Is It Possible to De-Center Whiteness as a White Presenter?

name badge reading "Hello I'm White (and privileged)"The other day, a white friend reached out asking if I had ideas around how to acknowledge as a presenter that a particular course’s content might be especially loaded for Black folks in the room. I certainly don’t consider myself an expert in the topic, but I have been experimenting over the years with different ways to acknowledge my whiteness and position of power as a presenter, facilitator, or speaker. Some of the things I normally do include:

  • Regardless of course content, mention that the course is taking place on occupied Native land, acknowledge my privilege as a white presenter, and call attention to the number of white people in the room if it seems to be a majority white space. This is mostly for the white people in the room, to draw their attention to whiteness since whiteness is often invisible or the assumed default. I also hope to signal to POC that I’m aware of these things, though I know that doesn’t make me a “safe” presenter.
  • Acknowledge where a particular topic may have loaded or just different meanings depending on cultural context and give examples. I hope that doing this again is a flag both for white folks and for POC, and makes space for bringing up cultural specificity where participants feel comfortable doing so.
  • Explicitly say that as a white person, I can’t comment on some things, beyond offering perspectives I’ve read or heard from POC, because I don’t have that experience. Acknowledge that the course content is less rich because of this. I’m just trying to offer some honesty here, and avoid falling into the “well X culture practices X way…” trap.

My friend had an interesting response to my suggestions, though, that got me thinking about this approach and whether it’s necessarily right. She expressed concern about whether just acknowledging the lack of knowledge and leaving it there might center white voices, and whether it might be better to center POC by giving specific examples of how POC might want to approach the topic. I thought that pointed out an interesting blindspot in my thinking, and though I’m not totally sure how to address it, I might adjust my approach a little bit in response–possibly by asking for POC input on the curriculum in advance so that I can speak directly to POC in the room with suggestions that their peers have offered. At the same time, I feel uncomfortable “passing on” information from one POC to another through course content, since my white voice necessarily acts as a filter. I think it could still feel a little like the anthropological voice of “here is how your people do things!” Encouraging different folks to participate in a workshop is another option, so it’s not led by a single voice, but I also don’t want to assume that folks of color are comfortable sharing personal experiences in a majority white space (and often that approach leads to white folks saying racist things that could be traumatic even if I attempt to shut them down).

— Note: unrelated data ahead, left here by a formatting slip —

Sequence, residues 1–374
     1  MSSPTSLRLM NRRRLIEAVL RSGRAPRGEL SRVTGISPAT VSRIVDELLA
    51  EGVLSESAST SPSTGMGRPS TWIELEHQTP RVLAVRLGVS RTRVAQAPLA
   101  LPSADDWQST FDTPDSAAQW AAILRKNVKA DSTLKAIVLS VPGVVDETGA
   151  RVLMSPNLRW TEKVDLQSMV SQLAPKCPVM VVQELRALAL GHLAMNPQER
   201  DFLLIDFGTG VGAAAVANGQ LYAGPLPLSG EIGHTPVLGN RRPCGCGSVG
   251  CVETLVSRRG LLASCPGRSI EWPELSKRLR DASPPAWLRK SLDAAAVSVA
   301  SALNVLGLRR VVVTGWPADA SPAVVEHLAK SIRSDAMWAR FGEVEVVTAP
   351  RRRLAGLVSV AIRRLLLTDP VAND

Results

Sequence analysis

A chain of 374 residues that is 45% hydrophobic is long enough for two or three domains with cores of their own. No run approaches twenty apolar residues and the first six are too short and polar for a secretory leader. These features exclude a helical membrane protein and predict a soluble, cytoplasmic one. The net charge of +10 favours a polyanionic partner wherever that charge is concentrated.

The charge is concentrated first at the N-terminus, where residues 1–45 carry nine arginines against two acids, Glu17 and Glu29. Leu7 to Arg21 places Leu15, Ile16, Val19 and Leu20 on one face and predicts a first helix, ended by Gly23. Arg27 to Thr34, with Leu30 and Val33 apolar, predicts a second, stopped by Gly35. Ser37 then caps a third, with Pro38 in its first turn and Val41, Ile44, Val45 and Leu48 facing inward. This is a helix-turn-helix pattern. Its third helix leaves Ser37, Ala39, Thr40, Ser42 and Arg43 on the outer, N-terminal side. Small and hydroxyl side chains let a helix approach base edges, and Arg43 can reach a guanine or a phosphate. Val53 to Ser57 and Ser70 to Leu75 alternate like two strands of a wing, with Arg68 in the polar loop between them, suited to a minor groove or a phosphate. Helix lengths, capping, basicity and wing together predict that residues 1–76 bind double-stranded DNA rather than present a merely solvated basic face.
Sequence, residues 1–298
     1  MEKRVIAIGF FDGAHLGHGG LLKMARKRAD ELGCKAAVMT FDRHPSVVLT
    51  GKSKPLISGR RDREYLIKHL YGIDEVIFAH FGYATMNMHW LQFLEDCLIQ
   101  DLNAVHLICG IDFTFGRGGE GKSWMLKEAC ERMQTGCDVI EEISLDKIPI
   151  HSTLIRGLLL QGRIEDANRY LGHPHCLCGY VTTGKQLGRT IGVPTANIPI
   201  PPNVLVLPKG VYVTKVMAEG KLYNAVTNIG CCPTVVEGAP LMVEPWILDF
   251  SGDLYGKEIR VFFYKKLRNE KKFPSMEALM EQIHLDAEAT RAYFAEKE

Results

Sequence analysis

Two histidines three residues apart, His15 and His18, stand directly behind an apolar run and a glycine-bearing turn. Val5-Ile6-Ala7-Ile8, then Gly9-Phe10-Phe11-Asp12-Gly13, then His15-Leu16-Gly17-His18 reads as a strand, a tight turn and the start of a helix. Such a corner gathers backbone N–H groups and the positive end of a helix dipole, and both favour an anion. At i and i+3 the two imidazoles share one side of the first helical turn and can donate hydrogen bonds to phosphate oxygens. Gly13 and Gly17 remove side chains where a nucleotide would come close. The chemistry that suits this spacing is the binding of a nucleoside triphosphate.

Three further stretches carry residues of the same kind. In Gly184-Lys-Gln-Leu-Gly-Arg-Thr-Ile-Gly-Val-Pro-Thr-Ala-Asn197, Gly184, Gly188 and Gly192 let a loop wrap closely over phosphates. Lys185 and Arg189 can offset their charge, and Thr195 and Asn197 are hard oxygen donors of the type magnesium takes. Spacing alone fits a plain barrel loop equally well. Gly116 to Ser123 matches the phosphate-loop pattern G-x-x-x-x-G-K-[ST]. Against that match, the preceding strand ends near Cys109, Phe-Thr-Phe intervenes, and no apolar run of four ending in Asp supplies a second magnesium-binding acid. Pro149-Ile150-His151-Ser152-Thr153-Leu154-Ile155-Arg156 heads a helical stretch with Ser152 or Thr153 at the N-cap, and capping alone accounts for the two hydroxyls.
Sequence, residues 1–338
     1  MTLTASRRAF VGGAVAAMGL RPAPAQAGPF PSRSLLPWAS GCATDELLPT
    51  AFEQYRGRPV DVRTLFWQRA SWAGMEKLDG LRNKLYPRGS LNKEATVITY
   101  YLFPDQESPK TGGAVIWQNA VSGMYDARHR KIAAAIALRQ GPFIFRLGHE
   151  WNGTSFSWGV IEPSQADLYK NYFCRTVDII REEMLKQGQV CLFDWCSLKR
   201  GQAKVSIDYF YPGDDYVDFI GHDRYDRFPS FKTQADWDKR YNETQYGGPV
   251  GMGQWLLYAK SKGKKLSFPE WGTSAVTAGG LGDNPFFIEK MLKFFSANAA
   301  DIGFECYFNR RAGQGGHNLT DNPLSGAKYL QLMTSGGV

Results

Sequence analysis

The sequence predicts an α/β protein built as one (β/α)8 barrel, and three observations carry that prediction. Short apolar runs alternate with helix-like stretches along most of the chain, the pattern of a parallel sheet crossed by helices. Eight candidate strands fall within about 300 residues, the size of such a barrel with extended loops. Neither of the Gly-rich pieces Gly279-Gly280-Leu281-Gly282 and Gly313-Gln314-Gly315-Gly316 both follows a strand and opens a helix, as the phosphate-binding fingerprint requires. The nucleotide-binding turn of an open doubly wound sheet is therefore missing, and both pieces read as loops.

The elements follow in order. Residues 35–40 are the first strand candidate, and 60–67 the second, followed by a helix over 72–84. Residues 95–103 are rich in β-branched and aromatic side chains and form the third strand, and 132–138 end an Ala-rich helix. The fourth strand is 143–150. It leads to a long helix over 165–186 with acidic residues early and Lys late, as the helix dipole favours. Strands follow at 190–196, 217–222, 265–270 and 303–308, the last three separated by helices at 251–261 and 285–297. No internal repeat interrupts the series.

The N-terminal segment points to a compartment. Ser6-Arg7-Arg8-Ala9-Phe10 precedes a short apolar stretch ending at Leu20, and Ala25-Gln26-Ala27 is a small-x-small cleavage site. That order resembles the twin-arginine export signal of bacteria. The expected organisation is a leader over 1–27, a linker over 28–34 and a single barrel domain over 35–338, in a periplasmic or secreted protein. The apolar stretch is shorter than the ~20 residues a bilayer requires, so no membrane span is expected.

Of course, this only serves to reinforce how important it is that the majority of folks presenting, teaching, speaking, or facilitating at an event are people of color, and how much richer course content is when white folks collaborate with people of color. I’ve been looking for more chances to get out of my single-presenter model comfort zone lately to address this, and also turning down some opportunities to make program staff aware of the importance of racial diversity among presenters.

But that said, I’m curious particularly to hear from readers of color. When you are in a class or a presentation led by a white person, what sort of approach to race makes you feel most comfortable? Would you rather hear ideas specific to a POC perspective, even if they’re filtered through the presenter’s understanding? Would you rather the presenter acknowledge race but not try to discuss something they don’t understand? Something else?

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About Avory

Avory Faucette is a queer feminist activist, writer, and public speaker. Zie graduated from the University of Iowa with a JD in 2009, focusing on international human rights and gender/sexuality issues in the law. Hir current work focuses on queer identity, policy, and marginalized identities under the queer umbrella. As a genderqueer person, zie comments frequently on non-binary identity, transgender and genderqueer issues, and media coverage of these populations. Zie also speaks at colleges, universities, and events on transgender and queer issues and conducts trainings on related topics.

Posted on June 15, 2017, in race and tagged , . Bookmark the permalink. Leave a comment.

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